Report: Sixers finalize sign-and-trade, send Buddy Hield to Warriors

Sixers Hield
Philadelphia 76ers’ Buddy Hield warms up before an NBA basketball game against the Atlanta Hawks, Friday, Feb. 9, 2024, in Philadelphia. (AP Photo/Matt Slocum)

As quickly as it began, the Buddy Hield era is officially over as the Philadelphia 76ers have agreed to a sign-and-trade involving Hield and the Golden State Warriors. The Sixers, in return for the 31-year-old sharpshooter, will be receiving a 2031 second-round pick from the Warriors via the Dallas Mavericks, according to The Athletic’s Shams Charania.

The initial rumblings came late Tuesday night but were delayed as Golden State and Hield negotiated the full details of his contract. In the end, Hield agreed on a three-year, $21 million deal that is fully guaranteed.

Philadelphia first acquired Hield at the trade deadline last season in exchange for three second-round picks, Marcus Morris Sr. and Furkan Korkmaz, in a three-team deal with the Indiana Pacers and the San Antonio Spurs.

The fit between the Sixers and Hield was not as clean as initially expected, primarily due to the lack of opportunity to play alongside Joel Embiid, who spent most of Hield’s time in Philadelphia recovering from a torn meniscus.

In the end, the acquisition of Buddy Hield ultimately did not work out the way Philadelphia had hoped, as Daryl frankly pointed out in his end-of-season press conference:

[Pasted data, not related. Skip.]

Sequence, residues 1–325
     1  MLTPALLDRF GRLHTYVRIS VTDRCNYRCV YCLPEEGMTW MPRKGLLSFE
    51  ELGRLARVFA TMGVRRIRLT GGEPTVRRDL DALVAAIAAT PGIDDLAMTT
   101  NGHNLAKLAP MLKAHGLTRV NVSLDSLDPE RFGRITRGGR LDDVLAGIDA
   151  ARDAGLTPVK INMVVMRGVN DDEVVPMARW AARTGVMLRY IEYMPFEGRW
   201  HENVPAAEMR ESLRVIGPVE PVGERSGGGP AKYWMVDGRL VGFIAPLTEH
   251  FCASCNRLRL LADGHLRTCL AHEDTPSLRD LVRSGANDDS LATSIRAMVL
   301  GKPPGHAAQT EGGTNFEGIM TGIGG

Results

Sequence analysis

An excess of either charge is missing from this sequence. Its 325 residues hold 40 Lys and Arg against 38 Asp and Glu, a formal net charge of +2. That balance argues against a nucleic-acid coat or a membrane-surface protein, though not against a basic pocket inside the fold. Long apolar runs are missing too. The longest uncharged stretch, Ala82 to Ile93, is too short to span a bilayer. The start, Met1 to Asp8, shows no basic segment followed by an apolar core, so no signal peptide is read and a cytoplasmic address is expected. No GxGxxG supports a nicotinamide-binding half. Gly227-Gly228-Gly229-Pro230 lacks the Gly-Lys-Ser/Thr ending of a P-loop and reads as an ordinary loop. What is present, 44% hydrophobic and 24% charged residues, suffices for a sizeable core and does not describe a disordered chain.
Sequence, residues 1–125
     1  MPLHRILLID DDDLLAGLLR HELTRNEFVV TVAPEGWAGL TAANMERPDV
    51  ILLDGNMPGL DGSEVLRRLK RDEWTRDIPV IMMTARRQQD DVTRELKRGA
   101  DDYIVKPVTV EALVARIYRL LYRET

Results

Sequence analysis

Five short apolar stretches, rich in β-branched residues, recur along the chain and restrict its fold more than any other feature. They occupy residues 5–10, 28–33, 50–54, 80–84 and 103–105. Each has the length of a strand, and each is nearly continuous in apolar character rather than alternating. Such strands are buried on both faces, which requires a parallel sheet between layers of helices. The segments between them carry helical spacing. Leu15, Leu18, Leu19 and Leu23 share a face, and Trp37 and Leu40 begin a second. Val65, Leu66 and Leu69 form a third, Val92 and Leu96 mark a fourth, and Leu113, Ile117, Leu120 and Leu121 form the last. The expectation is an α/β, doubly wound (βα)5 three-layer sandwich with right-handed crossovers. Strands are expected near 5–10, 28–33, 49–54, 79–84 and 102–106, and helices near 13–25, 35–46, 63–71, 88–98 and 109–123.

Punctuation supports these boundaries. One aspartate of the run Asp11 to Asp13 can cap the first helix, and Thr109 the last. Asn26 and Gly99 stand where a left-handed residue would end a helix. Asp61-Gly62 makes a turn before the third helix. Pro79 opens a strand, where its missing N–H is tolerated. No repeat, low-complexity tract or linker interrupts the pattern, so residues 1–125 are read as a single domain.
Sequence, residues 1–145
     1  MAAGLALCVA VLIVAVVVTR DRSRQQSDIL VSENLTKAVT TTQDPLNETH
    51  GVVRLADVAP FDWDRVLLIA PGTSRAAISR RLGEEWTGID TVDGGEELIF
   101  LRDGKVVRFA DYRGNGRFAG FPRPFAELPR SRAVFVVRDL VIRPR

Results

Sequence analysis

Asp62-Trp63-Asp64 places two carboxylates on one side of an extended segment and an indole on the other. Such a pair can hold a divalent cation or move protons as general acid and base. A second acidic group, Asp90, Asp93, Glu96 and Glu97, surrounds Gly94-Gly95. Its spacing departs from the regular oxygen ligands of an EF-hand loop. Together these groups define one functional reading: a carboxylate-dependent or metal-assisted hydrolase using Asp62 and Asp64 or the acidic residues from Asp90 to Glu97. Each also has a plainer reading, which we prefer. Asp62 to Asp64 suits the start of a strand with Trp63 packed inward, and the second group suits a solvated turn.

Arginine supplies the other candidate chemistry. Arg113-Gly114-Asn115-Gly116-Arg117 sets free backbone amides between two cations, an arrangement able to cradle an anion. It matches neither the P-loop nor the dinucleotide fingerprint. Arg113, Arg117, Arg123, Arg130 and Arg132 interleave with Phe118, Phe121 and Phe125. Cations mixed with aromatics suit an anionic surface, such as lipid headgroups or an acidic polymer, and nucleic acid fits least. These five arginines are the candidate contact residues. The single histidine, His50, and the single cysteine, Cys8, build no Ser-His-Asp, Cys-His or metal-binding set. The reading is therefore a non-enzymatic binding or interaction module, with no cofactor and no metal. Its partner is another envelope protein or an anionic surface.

“Yeah, I think at no fault of Buddy’s; I think the fit was less good than I thought. Most of his time was without Joel, but I thought when Joel was back, that his impact and his shooting, that he’d get more open shots, and he didn’t. That’s on me that it didn’t work out as well as we hoped.” Morey said. “I still think it was one of the better acquisitions; I was really happy he showed what he could do in Game 6 and, based on how they’re guarding us, what he can do.”

Despite this perceived failure, it was the right move at the time, and Philadelphia effectively recouped 33 percent of the cost to land Hield when they seemingly did not have the desire and certainly did not have the ability to re-sign him anyway.

A popular question has been whether Philadelphia would create a trade exception through this deal, but that is unlikely to be the case, at least in the end. Technically, they would create an exception roughly worth $7.2 million, but that exception would have to be renounced after the Sixers’ signings this offseason.